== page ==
LONDON — Boris Johnson will offer an extra £5 million to help charities supporting veterans Monday as he faces another parliamentary grilling on the crisis in Afghanistan.
The prime minister will vow to “use every economic, political and diplomatic lever to protect our country from harm and help the Afghan people” in a House of Commons statement, Downing Street said.
And he will thank the 150,000 British servicemen and women for their service over the past two decades of conflict as he promises “no veteran’s request for help will go unanswered.”
The promise of extra help to veterans’ charities comes after criticism from Johnson’s former defense minister and ex-soldier Johnny Mercer, who served three tours of Afghanistan but dramatically left government earlier this year claiming it was “consistently failing” to support former soldiers properly.
Mercer warned in a special debate last month that ministers should prepare for a “bow wave” of mental health issues among veterans following the allied forces’ withdrawal from Afghanistan.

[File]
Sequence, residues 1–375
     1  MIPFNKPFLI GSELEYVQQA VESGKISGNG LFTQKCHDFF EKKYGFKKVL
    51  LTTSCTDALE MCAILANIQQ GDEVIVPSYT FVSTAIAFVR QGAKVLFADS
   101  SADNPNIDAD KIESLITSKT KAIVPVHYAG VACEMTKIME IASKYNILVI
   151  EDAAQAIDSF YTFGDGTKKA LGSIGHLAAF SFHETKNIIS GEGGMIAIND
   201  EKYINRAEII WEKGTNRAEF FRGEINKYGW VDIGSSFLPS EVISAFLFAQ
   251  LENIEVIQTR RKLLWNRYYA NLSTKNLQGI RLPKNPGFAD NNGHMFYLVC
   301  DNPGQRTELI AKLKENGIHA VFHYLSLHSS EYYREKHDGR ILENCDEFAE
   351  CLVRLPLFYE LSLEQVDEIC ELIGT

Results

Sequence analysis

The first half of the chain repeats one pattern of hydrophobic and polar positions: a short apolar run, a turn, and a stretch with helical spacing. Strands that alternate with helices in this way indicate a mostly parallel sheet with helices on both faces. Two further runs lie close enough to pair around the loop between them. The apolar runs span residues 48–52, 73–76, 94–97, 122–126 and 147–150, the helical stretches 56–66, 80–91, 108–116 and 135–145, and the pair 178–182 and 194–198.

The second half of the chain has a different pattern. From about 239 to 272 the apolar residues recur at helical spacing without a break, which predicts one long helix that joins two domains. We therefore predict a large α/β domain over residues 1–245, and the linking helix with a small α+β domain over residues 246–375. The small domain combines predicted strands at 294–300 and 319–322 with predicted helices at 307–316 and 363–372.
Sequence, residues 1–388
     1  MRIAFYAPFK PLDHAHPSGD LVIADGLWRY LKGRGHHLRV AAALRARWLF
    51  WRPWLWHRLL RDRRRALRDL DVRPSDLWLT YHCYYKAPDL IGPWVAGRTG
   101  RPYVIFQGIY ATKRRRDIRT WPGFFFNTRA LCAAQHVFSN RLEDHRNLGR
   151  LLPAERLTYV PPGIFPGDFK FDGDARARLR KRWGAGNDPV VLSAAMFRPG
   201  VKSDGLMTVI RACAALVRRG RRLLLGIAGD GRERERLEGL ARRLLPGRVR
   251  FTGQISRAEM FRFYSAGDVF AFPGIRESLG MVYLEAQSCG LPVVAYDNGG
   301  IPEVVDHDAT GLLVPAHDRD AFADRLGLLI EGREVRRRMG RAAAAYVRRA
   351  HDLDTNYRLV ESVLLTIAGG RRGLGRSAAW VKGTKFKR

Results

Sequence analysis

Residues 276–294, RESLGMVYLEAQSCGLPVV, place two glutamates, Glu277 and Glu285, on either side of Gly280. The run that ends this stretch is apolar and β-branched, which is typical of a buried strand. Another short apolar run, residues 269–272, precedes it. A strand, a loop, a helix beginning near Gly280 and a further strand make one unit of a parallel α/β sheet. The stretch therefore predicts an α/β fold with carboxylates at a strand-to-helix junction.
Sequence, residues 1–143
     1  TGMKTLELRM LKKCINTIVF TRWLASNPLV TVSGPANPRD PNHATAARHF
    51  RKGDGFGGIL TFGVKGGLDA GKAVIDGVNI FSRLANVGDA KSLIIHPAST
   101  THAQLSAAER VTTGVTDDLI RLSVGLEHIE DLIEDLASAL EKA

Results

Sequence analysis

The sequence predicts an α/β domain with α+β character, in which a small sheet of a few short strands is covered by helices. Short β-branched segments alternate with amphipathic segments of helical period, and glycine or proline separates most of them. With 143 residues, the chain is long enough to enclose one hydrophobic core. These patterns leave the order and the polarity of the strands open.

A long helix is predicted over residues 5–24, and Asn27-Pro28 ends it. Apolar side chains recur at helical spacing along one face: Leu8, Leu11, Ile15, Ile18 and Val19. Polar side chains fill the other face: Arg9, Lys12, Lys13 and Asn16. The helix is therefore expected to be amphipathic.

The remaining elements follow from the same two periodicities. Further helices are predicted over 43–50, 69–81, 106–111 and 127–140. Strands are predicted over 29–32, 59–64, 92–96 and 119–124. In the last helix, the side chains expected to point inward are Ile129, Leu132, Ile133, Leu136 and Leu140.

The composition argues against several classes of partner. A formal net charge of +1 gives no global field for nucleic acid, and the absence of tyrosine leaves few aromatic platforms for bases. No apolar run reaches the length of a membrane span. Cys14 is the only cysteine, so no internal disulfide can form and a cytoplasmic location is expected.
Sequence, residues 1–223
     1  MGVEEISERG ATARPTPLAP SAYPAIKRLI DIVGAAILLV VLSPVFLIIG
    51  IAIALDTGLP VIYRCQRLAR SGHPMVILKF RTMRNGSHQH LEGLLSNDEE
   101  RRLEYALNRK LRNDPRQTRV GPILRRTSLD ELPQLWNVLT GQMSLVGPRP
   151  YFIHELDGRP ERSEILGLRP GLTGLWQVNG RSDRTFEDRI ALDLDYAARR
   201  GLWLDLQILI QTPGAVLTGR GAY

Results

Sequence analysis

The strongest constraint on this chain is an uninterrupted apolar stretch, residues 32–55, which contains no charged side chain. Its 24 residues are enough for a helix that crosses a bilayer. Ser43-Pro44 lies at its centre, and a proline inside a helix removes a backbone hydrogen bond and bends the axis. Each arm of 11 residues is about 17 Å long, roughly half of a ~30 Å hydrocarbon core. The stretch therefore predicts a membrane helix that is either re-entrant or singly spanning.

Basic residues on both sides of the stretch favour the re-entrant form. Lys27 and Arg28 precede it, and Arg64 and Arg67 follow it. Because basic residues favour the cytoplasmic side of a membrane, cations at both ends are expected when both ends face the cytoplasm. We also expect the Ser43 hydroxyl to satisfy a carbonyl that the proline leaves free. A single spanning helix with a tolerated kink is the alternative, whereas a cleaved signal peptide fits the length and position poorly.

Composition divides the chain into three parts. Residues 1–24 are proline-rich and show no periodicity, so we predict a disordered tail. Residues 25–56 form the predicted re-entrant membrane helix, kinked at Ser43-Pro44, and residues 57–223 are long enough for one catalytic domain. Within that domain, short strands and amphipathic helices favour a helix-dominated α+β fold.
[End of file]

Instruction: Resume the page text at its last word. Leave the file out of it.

The Tory former minister told the House of Commons: “The prime minister must not wriggle out of his commitments on this issue. The Office for Veterans Affairs is nothing like it was designed to be and he knows that.”
Downing Street said the funding would be made available to charities so they could increase capacity in mental health support, and make it easier for veterans to understand and access the support already available to them through the state and charities.
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